DEBBIE MORRIS: In my search for peace, I was looking for any way that I could to make things like they were before and the most obvious was the legal system. TIPPETT: Debbie Morris was furious when Sister Helen Prejean’s book became a best-seller and a movie because it was based in part on a compassionate portrayal of her abductor, Robert Lee Willie. TIPPETT: But you did still have these conflicted feelings about whether he should be put to death? MORRIS: The conflict really began when a date of execution was actually set for him. But in the weeks, the days leading up to it, I just began to feel a huge burden, a huge amount of anxiety. This is a common denominator, she says, whether they oppose the death penalty or favor it. I did it actually very selfishly because I was looking to feel better myself. The night that I realized that I needed to forgive Robert Lee Willie, he certainly didn’t benefit. He never knew that I forgave him, and it wouldn’t really have done him any good to know, you know, unless in some way that motivated him to see, you know, an ultimate good in somebody and be able to, you know, to turn to God and ask for his own forgiveness.By the time he was 21, Robert Willie had been in and out of prison dozens of times. This was something that I thought would never happen. And people would come up to me and say, you know, `Aren’t you so glad? But I asked her what forgiveness looks like when the person who hurt you never showed any remorse and how did she forgive a man who had already been executed? MORRIS: I think the first thing that I had to realize about forgiveness is that I didn’t do it for Robert Lee Willie. He didn’t get let off of any hook because I forgave him.Two decades after that experience, Debbie Morris wrote her own memoir entitled , but she did not rush to forgiveness. And it’s one thing to stand back and talk about it; it’s quite different when that date is actually set and you know that on this date, on December 28th, 1984, this person is going to cease to be alive. TIPPETT: And I believe that that day on which he died was a turning point for you, and I wonder if you would just take me through what you experienced on that day and that night on which Robert Willie died. MORRIS: It’s taken a while even for me to totally understand that. ’ You know, `Boy, that’s going to be a day to celebrate.’ And I just would sort of nod and say, `Yeah, I,’ you know, `I guess.’ And I kept wondering `What is wrong with me? Really, I guess, I let myself off the hook, and there was a sense of relief immediately that came with that. MORRIS: I think it means trading away the hate and being filled up with something better for me.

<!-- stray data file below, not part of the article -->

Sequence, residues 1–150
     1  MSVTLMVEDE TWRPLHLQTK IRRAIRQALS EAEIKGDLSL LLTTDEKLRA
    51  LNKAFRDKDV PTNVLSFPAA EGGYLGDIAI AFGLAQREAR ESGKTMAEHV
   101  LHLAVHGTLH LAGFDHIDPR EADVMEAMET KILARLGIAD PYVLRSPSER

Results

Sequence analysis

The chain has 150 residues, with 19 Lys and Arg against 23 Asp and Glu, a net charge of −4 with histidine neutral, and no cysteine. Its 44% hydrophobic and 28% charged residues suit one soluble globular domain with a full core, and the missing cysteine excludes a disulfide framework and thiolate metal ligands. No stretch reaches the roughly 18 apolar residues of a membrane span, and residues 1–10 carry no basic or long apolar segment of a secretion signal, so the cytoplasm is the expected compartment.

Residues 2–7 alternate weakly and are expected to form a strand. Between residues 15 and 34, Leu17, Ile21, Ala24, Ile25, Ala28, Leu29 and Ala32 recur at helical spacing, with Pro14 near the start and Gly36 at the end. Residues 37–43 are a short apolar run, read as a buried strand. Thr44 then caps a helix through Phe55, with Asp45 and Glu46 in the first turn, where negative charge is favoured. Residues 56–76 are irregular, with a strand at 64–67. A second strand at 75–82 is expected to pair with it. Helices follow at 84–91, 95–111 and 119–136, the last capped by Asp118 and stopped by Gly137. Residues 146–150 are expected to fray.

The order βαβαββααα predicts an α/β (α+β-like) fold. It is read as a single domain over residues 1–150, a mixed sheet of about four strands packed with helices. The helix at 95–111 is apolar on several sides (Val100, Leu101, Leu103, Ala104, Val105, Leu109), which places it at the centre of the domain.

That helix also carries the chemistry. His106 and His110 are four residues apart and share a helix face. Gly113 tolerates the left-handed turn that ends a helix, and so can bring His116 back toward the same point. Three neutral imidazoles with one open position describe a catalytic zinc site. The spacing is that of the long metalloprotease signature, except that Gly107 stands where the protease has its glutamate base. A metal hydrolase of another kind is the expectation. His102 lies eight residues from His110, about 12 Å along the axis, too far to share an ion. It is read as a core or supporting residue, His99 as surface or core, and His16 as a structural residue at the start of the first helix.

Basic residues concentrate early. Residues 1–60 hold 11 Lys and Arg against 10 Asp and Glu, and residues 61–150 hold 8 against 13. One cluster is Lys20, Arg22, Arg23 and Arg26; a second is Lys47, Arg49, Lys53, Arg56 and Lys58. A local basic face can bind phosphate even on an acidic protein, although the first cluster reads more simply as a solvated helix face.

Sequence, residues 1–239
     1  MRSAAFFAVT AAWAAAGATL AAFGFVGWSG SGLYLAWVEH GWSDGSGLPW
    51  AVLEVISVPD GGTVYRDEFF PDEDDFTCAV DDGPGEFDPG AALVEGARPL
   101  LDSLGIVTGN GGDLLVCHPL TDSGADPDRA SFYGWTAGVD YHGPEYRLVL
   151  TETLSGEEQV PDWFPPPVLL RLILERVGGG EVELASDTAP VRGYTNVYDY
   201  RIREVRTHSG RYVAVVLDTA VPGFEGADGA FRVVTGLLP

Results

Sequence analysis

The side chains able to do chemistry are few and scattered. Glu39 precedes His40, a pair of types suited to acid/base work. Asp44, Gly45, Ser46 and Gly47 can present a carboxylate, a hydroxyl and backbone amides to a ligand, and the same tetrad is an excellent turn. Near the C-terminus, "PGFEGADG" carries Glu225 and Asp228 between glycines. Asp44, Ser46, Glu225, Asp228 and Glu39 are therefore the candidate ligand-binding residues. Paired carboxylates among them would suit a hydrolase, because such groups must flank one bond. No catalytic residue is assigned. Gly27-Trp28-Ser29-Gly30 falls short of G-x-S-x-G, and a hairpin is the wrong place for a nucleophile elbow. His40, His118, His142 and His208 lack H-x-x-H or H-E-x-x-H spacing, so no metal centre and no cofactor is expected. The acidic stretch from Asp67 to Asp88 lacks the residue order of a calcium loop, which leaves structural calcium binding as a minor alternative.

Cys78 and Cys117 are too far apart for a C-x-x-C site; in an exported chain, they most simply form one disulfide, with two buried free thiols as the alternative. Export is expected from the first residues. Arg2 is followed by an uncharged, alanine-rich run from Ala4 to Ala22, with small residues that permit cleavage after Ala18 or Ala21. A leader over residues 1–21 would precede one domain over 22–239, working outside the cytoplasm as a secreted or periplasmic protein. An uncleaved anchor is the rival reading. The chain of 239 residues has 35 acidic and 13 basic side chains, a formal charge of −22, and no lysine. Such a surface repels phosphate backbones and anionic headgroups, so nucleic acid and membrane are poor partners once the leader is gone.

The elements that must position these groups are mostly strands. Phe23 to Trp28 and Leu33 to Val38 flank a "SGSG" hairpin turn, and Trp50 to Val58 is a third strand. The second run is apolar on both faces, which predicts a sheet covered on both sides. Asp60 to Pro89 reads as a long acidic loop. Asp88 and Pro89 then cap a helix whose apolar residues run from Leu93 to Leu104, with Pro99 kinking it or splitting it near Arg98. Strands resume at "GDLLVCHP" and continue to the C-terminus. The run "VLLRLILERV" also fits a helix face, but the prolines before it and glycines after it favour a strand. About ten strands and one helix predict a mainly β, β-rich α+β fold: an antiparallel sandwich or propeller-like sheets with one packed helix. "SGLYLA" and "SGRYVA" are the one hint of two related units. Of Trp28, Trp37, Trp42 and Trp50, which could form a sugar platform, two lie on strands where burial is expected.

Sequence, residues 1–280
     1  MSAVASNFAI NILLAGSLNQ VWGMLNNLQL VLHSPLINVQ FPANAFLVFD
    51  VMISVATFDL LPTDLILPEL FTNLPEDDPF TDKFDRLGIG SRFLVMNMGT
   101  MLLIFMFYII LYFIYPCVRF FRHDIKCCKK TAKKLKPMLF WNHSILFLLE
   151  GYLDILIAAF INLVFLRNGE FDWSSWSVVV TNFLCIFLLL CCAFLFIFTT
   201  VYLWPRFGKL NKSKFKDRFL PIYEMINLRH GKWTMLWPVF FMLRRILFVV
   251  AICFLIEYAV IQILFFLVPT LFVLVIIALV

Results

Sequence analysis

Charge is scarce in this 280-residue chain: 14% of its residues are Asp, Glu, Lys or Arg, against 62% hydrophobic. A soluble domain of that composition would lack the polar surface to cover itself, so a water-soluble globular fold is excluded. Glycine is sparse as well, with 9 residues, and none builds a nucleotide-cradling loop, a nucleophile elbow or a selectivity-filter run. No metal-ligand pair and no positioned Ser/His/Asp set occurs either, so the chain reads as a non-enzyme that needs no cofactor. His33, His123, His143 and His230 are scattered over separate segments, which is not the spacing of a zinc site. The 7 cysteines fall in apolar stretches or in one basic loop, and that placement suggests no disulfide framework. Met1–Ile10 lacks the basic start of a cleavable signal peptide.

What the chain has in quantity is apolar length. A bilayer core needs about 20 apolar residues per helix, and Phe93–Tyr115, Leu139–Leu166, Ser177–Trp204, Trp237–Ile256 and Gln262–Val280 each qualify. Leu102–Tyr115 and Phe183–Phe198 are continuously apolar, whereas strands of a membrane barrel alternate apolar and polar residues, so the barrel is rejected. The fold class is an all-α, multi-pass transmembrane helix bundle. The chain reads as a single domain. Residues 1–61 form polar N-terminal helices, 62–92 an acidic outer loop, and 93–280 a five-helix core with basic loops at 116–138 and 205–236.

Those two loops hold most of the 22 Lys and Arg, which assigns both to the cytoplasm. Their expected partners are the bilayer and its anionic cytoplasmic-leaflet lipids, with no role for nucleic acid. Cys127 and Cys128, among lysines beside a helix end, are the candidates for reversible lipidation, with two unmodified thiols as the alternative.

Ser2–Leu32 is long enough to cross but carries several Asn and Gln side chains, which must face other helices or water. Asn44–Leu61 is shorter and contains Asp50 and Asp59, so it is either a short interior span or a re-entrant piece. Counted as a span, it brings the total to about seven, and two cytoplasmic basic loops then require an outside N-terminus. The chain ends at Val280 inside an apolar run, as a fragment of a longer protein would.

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It took a long time for me to begin to consider something like forgiveness. He had escaped from the local jail in the past when he was incarcerated there, and I was fearful that he would escape from jail again. I don’t exactly remember when the hate and the revenge stopped. TIPPETT: Was that while Robert Willie was still alive you were able to stop hating him? I think that some forgiveness is not done with the other person.But, you know, let it be your neighbor or your uncle, you know, your family member, your child. I bet that before this happened, I bet Robert Lee Willie’s mother was for the death penalty. We grew up in South Louisiana; Robert Lee Willie lived in a neighboring town. I would venture to guess that about 98 percent of the people in the community that Robert Lee Willie was from would say in a heartbeat that they were for the death penalty.When all of a sudden it was her child, she obviously changed her mind.The American public supports the principle of capital punishment, but there is a growing consensus among Jewish and Christian thinkers — across traditional liberal/conservative lines — that it should be abolished in this country or suspended while the system for imposing it is made more just.Reflections on justice, forgiveness, and the nature of God shed new light on America’s death penalty debate.When she was 16 years old, a young man named Robert Lee Willie abducted her and her boyfriend, Mark, raping her over a period of two days and shooting and torturing Mark. And I realized on the night of the execution that a big part of it was that I was beginning to panic and become desperate that when this man finally paid the greatest price that he could pay here on earth, his life, that I was going to wake up the next morning and still not be better. I had not called on the power of God to help me through this because I was too angry with God for not sparing me from the kidnapping and the rapes.She later led police to the remote area where Robert Willie had buried the body of another young woman. And I guess it was in desperation that when all else had failed, you know, and I had been through some really tough, tough times, drinking to try to kill the pain and, you know, and holding out on my hopes that, you know, that the legal system would finally cure me. I’m Krista Tippett, and this is from American Public Media.She spent several years as a teacher to children with behavioral problems. MORRIS: You know, these were the kids who had been kicked out of regular classes, and most of them had been kicked off their Little League teams, and, you know, they were about an inch away from being kicked out of the school altogether and, you know, my classroom was their last stop.And every morning, I would put my arms around them and hug them and say, you know, `Boy, am I glad you’re here today,’ you know?And so, you know, I can’t sit by and condone the way that we are doing executions in this country today. And I think that, you know, there are a lot of issues out there that because of the way the media covers them or, you know, because of the way people are asked, you know, you’re put into a category of “for” or “against.” You’re either for it or you’re against it.Do I think that it’s wrong and that the people who are involved are people who are for the death penalty, do I believe that they are out of God’s will? And when you are on the outside looking in, it’s easy to be for or against something.